A federal spending bill enacted at the end of 2019 included several provisions affecting benefit plans. The bill repealed three major taxes and fees under the Affordable Care Act (ACA)—the Cadillac tax, the medical devices excise tax and the health insurance providers fee.
The law also extended the PCORI fees for an additional 10 years. These fees will continue to apply for the 2020-2029 fiscal years. (more…)
On Dec. 20, 2019, President Trump signed into law a spending bill that prevents a government shutdown and repeals the following three taxes and fees under the Affordable Care Act (ACA):
- The Cadillac tax on high-cost group health coverage, beginning in 2020;
- The medical devices excise tax, beginning in 2020; and
- The health insurance providers fee, beginning in 2021.
The law also extends PCORI fees to fiscal years 2020-2029. (more…)
On Nov. 15, 2019, the Departments of Labor (DOL), Health and Human Services (HHS) and the Treasury (Departments) issued a proposed rule regarding transparency in coverage that would impose new transparency requirements on group health plans and health insurers in the individual and group markets. Specifically, the proposed rule would require plans and issuers to disclose:
- Cost-sharing estimates to participants, beneficiaries and enrollees upon request; and
- In-network provider-negotiated rates and historical out-of-network allowed amounts on their website.
The proposals would only apply to non-grandfathered coverage, and would also apply to self-insured group health plan sponsors.
On Sept. 11, 2019, the IRS updated their Questions and Answers (Q&As) on the employer shared responsibility rules under the Affordable Care Act (ACA), to include adjusted penalty amounts for 2019 and 2020. According to the FAQs, the penalty amounts will be increased as follows:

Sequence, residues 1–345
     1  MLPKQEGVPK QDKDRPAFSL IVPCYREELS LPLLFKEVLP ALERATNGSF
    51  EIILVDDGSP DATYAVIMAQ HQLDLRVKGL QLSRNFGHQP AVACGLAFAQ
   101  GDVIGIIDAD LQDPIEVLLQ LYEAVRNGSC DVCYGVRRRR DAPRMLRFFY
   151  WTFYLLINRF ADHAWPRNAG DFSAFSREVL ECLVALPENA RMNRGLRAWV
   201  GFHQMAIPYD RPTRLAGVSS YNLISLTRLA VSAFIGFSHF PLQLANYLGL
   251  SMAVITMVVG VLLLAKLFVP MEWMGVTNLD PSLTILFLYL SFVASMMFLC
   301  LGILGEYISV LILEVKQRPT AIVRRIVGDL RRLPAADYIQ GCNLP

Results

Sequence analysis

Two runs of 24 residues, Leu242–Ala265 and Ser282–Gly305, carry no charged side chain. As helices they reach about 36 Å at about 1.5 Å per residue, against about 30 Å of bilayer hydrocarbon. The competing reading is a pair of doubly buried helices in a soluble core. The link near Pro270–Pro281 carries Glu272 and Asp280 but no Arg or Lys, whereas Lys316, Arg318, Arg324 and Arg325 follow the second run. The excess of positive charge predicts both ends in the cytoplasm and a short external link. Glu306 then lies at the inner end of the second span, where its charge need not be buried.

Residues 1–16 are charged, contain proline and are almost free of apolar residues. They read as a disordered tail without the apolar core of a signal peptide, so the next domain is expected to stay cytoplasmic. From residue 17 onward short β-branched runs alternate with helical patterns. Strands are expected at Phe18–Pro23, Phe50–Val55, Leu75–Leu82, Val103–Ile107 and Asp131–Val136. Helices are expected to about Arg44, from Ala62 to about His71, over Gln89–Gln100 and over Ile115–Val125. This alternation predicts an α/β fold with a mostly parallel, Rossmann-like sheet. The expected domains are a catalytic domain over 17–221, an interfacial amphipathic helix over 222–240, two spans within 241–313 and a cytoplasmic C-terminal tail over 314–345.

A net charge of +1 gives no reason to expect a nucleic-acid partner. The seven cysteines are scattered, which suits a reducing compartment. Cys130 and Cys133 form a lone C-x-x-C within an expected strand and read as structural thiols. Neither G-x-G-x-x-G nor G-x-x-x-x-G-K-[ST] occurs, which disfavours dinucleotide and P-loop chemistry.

- For calendar year 2019, the adjusted $2,000 amount is $2,500 and the adjusted $3,000 amount is $3,750.
- For calendar year 2020, the adjusted $2,000 amount is $2,570 and the adjusted $3,000 amount is $3,860.
On July 23, 2019, the IRS issued Revenue Procedure 2019-29 to index the contribution percentages in 2020 for determining affordability of an employer’s plan under the Affordable Care Act (ACA). For plan years beginning in 2020, employer-sponsored coverage will be considered affordable if the employee’s required contribution for self-only coverage does not exceed:
- 78% of the employee’s household income for the year, for purposes of both the pay or play rules and premium tax credit eligibility; and
- 24% of the employee’s household income for the year, for purposes of an individual mandate exemption (adjusted under separate guidance). Although this penalty was reduced to zero in 2019, some individuals may need to claim an exemption for other purposes.
Beginning in 2020, employers of all sizes may implement a new HRA design – an individual coverage HRA (ICHRA) – to reimburse their eligible employees for insurance policies purchased in the individual market or Medicare premiums.
Final rules released by the Departments of Labor, Health and Human Services (HHS) and the Treasury (Departments) permit employers to offer an ICHRA as an alternative to traditional group health plan coverage, subject to certain conditions. One of these conditions is that employees and dependents who are covered by an ICHRA must be enrolled in individual insurance coverage or Medicare coverage for each month they are covered by the ICHRA. Also, employers that sponsor ICHRAs must comply with an annual notice requirement.
Employers may allow employees to pay for off-Exchange health insurance on a tax-favored basis, using a Section 125 cafeteria plan, to make up any portion of the premium that is not covered by the employer’s ICHRA. (more…)